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  • I'm so lost.. lol

    This forum is so over my head. I thought i knew quite a bit about suspensions.. but apprently not...

    it would be great if we had a sticky or something explaining some of the issues with certain suspension.. like the s13 subframe having anti-squat problems. i seriously want to learn all this stuff. i just dont know where to begin. I've just recently discovered good proof that "jdm" coilovers are junk. so im a little behind.. lol
    So where is a good place to start about learning suspension??

  • #2
    your not the only one. theres whole forums out there. haha

    i know enough to keep it fun. some of the guys on here you wonder why they use these old 240s.

    Most PM answers: F 17X9 +22, R 17X9 +35

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    • #3
      Originally posted by Your Mom View Post
      some of the guys on here you wonder why they use these old 240s.
      We're poor or buy houses or both.

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      • #4
        alot of other forums are corrupted with hearsay and JDM bling....which most people usually think is the way a suspension should be setup without ever actually testing and seeing what works. not even everyone on here will agree on certain setups, its the testing, adjusting, and modifying that takes place here.
        NASA HPDE Instructor

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        • #5
          im just lost as of now.. i will probably be doing a lot of thinking and researching about all this stuff.. and im not a person that just reads something and takes it for fact.. i have to kind of verify it... and if it doesnt make since.. i question it.. so i guess i just have a bunch of research to do.

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          • #6
            yeah most of us do the same but after you read some of the stuff you start to just believe everything Def or ace says.

            Most PM answers: F 17X9 +22, R 17X9 +35

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            • #7
              For a basic education on geometry and set-up refer to SCC magazine's "make it stick" articles. They're a bit dumbed down, but it you really understand the basic principals there it will give you a good base to build off of. If you really wanna learn more start buying suspension/chasis design and set-up books. They are painful to read and understand, but you can learn a lot there too. I only have a fairly comprehensive understanding of the basic and some of the advanced principals, when it gets to formulas and equations I begin to get kinda lost. We all started where you are. I hope this helps you to learn more.
              function > form
              1990 240sx fastback: IN PROGRESS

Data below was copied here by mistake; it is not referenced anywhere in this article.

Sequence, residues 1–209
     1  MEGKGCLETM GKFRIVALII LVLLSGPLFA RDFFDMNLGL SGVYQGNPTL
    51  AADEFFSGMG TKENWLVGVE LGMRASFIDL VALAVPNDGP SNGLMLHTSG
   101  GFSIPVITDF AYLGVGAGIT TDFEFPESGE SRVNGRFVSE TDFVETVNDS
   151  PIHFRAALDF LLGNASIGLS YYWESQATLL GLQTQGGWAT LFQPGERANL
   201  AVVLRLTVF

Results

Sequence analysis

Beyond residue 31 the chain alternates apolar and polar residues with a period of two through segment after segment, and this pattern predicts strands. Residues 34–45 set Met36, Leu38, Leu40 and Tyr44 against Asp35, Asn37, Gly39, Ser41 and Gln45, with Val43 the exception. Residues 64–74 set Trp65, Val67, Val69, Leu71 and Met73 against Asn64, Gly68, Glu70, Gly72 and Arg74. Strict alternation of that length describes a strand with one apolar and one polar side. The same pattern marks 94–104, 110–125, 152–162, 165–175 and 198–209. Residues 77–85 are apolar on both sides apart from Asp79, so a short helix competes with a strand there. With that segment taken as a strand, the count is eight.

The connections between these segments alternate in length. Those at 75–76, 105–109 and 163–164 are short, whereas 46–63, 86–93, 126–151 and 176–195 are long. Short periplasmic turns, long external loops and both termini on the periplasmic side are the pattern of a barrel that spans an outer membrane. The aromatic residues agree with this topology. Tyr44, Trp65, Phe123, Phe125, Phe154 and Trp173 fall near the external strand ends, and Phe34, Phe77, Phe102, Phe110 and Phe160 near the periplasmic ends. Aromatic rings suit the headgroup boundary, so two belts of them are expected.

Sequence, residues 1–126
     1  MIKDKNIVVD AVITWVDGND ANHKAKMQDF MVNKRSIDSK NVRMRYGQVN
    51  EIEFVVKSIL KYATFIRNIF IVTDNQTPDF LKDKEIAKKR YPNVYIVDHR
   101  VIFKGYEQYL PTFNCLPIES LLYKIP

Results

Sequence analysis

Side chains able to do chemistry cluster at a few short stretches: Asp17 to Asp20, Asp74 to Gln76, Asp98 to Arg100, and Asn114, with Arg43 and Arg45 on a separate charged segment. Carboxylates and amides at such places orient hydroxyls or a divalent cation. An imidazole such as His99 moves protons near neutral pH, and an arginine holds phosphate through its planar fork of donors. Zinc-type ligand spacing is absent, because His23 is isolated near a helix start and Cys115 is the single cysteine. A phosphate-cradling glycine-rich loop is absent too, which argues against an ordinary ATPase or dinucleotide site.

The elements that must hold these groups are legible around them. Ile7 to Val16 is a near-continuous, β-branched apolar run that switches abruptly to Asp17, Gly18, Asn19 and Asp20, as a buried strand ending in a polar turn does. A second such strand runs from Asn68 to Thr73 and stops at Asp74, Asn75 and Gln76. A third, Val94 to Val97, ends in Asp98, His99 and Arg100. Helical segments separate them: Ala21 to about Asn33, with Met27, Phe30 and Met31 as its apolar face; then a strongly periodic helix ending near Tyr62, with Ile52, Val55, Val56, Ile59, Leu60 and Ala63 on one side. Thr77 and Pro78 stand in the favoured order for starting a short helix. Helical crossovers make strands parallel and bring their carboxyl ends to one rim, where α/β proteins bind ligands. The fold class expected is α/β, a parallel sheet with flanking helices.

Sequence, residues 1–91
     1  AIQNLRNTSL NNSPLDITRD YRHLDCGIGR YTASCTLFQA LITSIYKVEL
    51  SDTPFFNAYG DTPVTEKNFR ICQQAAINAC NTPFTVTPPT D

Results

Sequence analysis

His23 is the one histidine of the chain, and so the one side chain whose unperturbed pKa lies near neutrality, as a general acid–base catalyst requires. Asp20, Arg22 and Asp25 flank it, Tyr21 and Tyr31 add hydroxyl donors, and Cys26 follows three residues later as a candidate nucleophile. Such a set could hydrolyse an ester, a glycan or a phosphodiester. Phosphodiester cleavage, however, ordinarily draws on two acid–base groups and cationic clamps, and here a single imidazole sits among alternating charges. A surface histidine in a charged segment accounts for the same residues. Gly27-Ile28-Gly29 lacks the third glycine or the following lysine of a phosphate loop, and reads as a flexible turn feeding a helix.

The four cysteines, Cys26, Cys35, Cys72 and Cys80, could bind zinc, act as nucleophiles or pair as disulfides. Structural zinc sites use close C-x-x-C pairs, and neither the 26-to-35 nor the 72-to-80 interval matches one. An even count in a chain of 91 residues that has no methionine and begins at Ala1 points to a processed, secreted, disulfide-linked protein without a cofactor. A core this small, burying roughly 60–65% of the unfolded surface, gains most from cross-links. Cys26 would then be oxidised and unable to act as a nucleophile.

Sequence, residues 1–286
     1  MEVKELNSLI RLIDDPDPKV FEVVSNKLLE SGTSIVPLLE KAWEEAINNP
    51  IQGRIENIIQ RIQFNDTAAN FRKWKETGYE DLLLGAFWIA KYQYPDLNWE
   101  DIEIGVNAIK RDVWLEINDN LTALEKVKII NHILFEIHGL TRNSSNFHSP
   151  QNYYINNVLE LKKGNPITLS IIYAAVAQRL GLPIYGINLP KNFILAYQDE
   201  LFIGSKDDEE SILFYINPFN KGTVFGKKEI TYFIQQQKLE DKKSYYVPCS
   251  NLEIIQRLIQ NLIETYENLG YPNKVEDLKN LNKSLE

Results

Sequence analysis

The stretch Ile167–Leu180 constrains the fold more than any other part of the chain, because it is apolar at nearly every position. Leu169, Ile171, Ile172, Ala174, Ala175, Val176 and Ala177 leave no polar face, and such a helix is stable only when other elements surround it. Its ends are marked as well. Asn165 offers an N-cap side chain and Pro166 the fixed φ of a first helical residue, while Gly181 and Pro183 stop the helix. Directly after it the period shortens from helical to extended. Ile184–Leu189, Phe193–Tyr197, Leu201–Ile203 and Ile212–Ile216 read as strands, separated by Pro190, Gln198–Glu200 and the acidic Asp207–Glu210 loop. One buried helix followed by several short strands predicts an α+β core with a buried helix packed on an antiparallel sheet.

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              • #8
                How to make your car handle by Fred Puhn

                Good book to get started as well. A bit outdated but the basics still apply.

                I am also a firm believer that there is nothing wrong with keeping it simple.

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                • #9
                  I never read the Puhn book, but from things I've heard about it, it doesn't seem like it would be something I would spend money on.

                  If you want good books, Racecar Vehicle Dynamics by Milliken and Milliken is still pretty much the standard. It's very engineering based, so without an engineering background, you might get lost in some of it, but there's a lot of good info in there. I mean some of it doesn't really apply and there are better ways of looking at some of the things, but for the most part, it's a great book.

                  Another one, or set, are the Carroll Smith books. A more simplified and easier to understand look at everything, but still pretty technical.

                  And then there's a whole different, longer list of books that focus on different aspects of vehicle dynamics and some that are more general, but aren't as good as the ones I mentioned.

                  There's a lot out there and there's a lot of debate on many of the things in vehicle dynamics. Because there are different ways to achieve the same thing and a lot of independent research going on, there are lots of opinions on what is important. I mean even stuff like roll center, there are what most people think of which are the geometric roll center, but there are also the people that think force based roll centers are more representative and then there is the Maurice Olley force lines idea. They're all similar, but slightly different ways of looking at how things work. It depends on how deep you want to get, the deeper you get, the more confusing it gets and the more you start to realize that the things you thought mattered a lot don't matter as much.
                  www.tipengr.com

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                  • #10